Project for the web to Project Operations migration with Power Automate

Migrating Project for the web projects from the default environment is a question I get asked every now and then. Sometimes customers want to migrate their P4W projects to Project Operations. Another ask is migrating P4W projects from default to a Dataverse production environment.

With the Project schedule APIs, there’s an answer to these asks. P4W projects are heavily reliant on data like Organizational Units and Calendar Templates. Hence, while migrating from Project for the web in default to Project for the web in Dataverse production or Project Operations is possible, it requires good planning.

This blog post focuses on migrating Project for the web projects in a default environment to Project Operations by using Power Automate. The same concept can be applied to P4W to P4W migrations as well. Theoretically, you should also be able to use this as a concept for Project Online to P4W/Project Operations migrations as well. However, POL’s data model might require you to re-think what can and can not be migrated from POL to P4W/ProjOps.

Another use case is demo data. As this example migrates Project for the web data to staging tables, an Excel export of the data in staging tables could be extracted. The exported data could then be imported to a destination environment with matching staging tables, and the actual projects could then be created with Project schedule APIs based on the imported data.

Project for the web to Project Operations migration

The starting point of a P4W to ProjOps migration is making sure that the way rows for required settings/data in P4W are named match with how they’re named in Project Operations. As I previously mentioned, P4W relies heavily on data-based settings for running projects. Work templates, Bookable Resources, and Organizational Units are all rows in Dataverse. They have to be in place for P4W to work the way you want, and the same naturally goes for Project Operations.

Rows with matching names

For migration projects from P4W in default to ProjOps to work, make sure that data is named the same way in your source as it is in your destination. The following tables need to be considered:

  • Accounts (if used in P4W, no OOTB relationship between Account and Project exists).
  • Work templates.
  • Organizational Units.
  • Users.
  • Bookable Resources.
  • Roles.

If the source has a Work templated named Default Work Template, a Work template with the same name has to exist in the destination as well. If the source has a Bookable Resource named John Doe, the destination has to have a Bookable Resource named John Doe as well. You get the idea.

How a migration is done

The technical side of things is actually very simple. A chosen project and its related tables are copied from source to destination by using the Dataverse legacy connector in Power Automate. The legacy connector allows for selecting environments in the Datavere actions. This way data can be looped through in source and copied to a destination environment.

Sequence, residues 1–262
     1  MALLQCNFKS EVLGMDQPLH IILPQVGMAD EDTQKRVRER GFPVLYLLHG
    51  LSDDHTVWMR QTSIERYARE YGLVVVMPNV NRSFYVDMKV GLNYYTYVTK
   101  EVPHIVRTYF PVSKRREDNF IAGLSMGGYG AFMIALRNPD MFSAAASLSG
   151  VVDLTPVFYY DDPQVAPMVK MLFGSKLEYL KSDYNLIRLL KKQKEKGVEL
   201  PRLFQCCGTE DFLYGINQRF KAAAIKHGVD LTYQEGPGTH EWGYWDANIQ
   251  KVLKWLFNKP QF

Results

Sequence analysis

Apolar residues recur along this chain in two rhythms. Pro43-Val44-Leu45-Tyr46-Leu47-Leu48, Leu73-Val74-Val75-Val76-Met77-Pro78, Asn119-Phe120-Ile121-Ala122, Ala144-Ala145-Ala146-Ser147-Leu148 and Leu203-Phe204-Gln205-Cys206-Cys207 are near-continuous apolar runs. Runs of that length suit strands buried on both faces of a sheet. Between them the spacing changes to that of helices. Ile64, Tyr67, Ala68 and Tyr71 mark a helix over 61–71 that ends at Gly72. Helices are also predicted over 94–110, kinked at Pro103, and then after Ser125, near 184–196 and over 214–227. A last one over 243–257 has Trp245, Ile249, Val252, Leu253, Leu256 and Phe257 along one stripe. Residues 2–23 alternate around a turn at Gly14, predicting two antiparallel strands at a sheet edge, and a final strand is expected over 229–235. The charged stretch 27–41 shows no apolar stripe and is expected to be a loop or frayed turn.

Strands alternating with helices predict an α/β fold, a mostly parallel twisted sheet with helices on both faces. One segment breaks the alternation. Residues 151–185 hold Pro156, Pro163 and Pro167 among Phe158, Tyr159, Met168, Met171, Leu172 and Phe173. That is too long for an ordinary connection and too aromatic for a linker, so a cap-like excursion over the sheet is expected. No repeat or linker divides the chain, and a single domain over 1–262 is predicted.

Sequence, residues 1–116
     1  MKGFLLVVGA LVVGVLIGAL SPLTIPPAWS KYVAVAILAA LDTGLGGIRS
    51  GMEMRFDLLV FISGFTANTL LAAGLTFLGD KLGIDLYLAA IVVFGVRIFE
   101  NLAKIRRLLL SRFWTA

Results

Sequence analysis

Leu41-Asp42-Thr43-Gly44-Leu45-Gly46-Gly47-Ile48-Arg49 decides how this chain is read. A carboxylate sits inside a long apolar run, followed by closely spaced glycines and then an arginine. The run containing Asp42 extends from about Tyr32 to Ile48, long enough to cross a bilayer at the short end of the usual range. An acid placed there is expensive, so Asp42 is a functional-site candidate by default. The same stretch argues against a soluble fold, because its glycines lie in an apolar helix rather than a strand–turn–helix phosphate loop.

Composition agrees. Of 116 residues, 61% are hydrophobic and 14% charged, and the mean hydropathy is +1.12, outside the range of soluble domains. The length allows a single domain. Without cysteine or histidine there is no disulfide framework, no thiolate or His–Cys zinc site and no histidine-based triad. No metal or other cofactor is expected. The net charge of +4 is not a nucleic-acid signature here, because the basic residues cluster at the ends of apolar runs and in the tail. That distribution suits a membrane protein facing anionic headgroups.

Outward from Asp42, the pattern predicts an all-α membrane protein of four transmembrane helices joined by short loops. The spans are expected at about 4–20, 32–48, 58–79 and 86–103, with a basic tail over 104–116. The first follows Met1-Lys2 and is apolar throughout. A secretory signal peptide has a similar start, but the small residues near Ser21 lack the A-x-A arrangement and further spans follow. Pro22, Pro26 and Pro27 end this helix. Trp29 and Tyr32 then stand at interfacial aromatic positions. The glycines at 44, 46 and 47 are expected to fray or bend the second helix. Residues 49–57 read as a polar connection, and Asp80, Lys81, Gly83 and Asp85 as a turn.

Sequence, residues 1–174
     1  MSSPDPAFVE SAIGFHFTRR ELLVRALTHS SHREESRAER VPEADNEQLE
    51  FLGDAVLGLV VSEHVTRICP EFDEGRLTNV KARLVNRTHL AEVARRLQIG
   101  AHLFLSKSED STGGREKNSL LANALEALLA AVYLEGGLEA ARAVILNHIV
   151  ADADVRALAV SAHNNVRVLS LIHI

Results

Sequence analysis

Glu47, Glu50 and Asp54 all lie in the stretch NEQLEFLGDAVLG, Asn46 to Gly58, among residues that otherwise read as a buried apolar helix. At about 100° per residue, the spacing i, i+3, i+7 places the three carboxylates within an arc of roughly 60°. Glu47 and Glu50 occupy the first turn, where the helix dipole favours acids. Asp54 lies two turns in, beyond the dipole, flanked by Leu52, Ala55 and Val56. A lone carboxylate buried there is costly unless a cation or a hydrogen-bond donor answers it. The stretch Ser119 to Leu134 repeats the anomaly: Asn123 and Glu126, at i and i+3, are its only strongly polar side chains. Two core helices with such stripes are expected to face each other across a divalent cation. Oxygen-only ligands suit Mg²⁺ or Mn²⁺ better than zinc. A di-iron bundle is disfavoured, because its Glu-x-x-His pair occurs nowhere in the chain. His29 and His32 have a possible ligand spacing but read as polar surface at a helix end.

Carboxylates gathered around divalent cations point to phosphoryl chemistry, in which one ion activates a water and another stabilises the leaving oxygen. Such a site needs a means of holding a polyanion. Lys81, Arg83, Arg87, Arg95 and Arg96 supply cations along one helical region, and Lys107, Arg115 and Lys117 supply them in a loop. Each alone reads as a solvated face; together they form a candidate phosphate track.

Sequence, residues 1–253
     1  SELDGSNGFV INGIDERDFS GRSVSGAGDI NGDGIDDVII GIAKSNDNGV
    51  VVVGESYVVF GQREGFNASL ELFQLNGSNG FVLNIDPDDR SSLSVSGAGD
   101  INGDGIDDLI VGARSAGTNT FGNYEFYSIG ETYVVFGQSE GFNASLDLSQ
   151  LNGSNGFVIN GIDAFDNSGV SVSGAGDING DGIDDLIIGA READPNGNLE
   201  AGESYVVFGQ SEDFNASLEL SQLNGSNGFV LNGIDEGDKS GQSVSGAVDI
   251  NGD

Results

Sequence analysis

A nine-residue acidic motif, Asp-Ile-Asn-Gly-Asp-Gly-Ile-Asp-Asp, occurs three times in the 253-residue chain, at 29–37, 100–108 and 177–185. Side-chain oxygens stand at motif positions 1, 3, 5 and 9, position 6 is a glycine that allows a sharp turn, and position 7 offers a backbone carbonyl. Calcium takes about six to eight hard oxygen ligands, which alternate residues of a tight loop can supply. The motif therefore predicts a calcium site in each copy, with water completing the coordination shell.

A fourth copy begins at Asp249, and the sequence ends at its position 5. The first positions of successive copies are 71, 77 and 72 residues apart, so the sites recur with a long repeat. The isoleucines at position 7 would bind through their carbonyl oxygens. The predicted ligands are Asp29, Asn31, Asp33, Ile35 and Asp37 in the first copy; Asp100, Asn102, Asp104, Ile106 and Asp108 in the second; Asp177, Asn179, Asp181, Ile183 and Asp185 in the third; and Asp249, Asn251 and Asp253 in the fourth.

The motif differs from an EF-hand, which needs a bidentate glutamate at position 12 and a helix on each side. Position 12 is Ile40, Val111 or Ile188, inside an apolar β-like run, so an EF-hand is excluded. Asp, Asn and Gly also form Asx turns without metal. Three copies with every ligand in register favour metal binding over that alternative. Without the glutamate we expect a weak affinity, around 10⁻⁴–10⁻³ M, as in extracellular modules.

As calling the Project schedule APIs directly would easily lead to transactional inconsistency (you can read more about transactional consistency with the Project schedule APIs here), staging tables in the destination environment are used to hold all relevant data related to a project. The Project schedule APIs can then be called from a Project Staging table’s context to create projects in the destination environment.

Image 1 below illustrates the migration process.

Image 1. The P4W to ProjOps migration process.

The data model for the staging tables is very simple. A Project Staging table, used for holding information about a Project, has a parental 1:N relationship with the following supporting staging tables:

  • Project Task Dependency Staging. For Task Dependencies.
  • Project Task Staging. For Project Tasks.
  • Project Team Member Staging. For Project Team Members.
  • Resource Assignment Staging. For Resource Assignments.
Image 2. Staging tables in a destination environment.

Migrating P4W data to staging tables

Let’s look at the flow that copies data from a source environment like P4W in default to a destination environment. This blog post focuses on a P4W to ProjOps migration so the destination environment has Project Operations installed in it. My examples are based on a manual trigger so that it’s easier to share the flow for the community. In reality, firing the flow off from the Project table’s command bar would probably make more sense so that multiple projects could be migrated simultaneously.

Flow – Project migrator

The initial actions are all about getting our hands on relevant data. The Get project action and its expand query are used to get our hands on the related Project, Work template, and Organizational Unit. The expand query used is msdyn_workhourtemplate($select=msdyn_name),msdyn_ContractOrganizationalUnitId($select=msdyn_name).

The Get systemuser action is used to get the user in a project’s Project Manager lookup from the Users table. The user in this lookup is usually the one who has created the project in question.

The List Project Tasks action is used to get all tasks related to the project that’s being migrated to ProjOps. The expand query in the action isn’t required as the name (msdyn_subject) of the project is already available from the aforementioned Get project action.

The List Project Task Dependencies action is used to list all dependencies between tasks for the project that’s being migrated to ProjOps. It’s critical to get the name (msdyn_subject) and the display sequence (msdyn_displaysequence) values of predecessor and successor tasks. They’re required when creating a new project in the destination environment. The expand query used is msdyn_PredecessorTask($select=msdyn_subject,msdyn_displaysequence),msdyn_SuccessorTask($select=msdyn_subject,msdyn_displaysequence),msdyn_Project($select=msdyn_subject).